(reblog from 2016 for archiving) Changsha, Home city of Mao Zedong


First posted on TVG in China, 2016. I’m currently archiving old posts onto one blog.

I would be lying if I said that Changsha was my favourite city. The centre of town was very much a Chinese city, with tall buildings and heavy traffic. The weather was a bit chilly with a bit of rain; some may say a Brit should feel right at home: the skies were grey, and there was a bloody giant statue of Mao’s face on the horizon.

The Capital of Hunan province was of course the home city of Mr Mao Zedong, and it’s a fact that the city clearly is just a little proud of. Most of the sights are vaguely Mao based, such as his old university and the afore mentioned giant stone face over on the Orange Isle, and even the hostels have an air of communist pride that you don’t get in most towns.

I came to Changsha mainly as a stop-off to see local wonders Zhangjiajie and Fenghuang, neither of which I actually saw in the end.

Damn.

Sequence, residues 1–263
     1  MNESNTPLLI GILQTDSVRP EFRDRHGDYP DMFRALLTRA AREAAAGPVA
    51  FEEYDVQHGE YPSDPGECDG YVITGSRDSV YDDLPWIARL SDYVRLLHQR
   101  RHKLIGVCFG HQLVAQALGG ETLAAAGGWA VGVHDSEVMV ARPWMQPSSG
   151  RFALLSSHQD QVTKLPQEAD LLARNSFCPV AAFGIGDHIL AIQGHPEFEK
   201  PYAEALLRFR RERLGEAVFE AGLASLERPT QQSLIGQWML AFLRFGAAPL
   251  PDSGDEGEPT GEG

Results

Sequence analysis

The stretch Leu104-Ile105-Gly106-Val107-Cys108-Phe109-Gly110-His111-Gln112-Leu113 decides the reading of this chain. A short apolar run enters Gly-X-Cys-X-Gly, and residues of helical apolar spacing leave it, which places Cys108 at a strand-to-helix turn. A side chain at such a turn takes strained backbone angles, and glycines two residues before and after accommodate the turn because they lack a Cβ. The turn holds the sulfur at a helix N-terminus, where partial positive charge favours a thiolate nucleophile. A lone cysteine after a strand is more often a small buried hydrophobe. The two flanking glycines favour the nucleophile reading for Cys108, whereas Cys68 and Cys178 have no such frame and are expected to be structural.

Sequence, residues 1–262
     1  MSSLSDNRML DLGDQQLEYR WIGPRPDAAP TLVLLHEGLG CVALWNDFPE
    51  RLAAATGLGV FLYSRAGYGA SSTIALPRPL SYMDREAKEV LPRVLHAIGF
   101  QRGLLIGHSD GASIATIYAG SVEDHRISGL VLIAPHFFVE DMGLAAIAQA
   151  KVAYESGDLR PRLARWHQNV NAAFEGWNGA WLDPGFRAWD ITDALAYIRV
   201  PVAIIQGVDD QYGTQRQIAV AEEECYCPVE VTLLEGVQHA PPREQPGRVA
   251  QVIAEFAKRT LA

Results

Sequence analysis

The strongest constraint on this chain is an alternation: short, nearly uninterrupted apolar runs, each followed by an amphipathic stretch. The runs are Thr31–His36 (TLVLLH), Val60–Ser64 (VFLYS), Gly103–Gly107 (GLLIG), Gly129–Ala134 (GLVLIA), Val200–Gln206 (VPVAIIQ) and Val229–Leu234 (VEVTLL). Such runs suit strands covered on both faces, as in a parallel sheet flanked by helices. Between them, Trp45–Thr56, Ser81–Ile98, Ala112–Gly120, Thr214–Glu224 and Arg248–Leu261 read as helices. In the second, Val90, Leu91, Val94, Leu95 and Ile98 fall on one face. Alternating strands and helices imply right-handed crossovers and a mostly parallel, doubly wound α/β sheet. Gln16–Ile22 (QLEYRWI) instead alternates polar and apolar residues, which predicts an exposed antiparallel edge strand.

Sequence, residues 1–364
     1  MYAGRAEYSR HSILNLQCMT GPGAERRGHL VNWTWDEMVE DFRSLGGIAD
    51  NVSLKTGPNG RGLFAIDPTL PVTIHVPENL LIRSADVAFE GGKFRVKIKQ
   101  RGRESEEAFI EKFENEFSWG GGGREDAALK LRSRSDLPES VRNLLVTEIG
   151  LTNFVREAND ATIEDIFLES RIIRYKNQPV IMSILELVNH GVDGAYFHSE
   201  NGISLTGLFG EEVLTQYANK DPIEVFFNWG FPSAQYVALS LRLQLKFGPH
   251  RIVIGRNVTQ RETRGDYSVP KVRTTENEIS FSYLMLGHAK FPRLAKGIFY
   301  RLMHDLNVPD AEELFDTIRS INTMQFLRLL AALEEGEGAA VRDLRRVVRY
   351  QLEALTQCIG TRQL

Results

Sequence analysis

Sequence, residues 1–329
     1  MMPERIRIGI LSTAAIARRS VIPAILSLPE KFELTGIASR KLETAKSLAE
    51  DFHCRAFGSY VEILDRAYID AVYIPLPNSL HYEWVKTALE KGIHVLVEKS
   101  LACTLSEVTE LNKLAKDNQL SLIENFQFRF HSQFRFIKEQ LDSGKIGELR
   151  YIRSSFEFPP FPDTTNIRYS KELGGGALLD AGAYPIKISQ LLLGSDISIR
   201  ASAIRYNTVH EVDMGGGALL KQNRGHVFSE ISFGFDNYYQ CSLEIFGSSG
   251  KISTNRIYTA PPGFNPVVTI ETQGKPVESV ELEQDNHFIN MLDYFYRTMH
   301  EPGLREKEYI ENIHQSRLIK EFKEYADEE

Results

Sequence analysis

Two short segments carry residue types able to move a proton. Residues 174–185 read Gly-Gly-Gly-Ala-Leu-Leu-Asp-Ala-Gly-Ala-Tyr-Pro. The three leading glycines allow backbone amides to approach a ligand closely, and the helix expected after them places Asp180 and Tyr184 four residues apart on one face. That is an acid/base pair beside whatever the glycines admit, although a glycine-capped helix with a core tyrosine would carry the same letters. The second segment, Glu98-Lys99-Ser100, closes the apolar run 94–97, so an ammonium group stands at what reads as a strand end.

It’s a bit of a long and dull story to explain why, so you’ll all have to be happy with the short story – I stayed in Changsha and went up a mountain I didn’t mean to go up, Yuelu shan.

Being Changsha, naturally at the foot of the mountain stands a Mao statue, stately looking down on the visitors.

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Nice of him to greet us as it was, I was more interested in the mountain.

…Or at least the forest on its sides, as you might be able to see that the cloud cover was pretty low, and a view from the top was distinctly off the menu. There’s meant to be a mountain behind Mao there.

Luckily, the forest is worth an explore.

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The mountain is dotted with temples and tombs along the ascent to the top.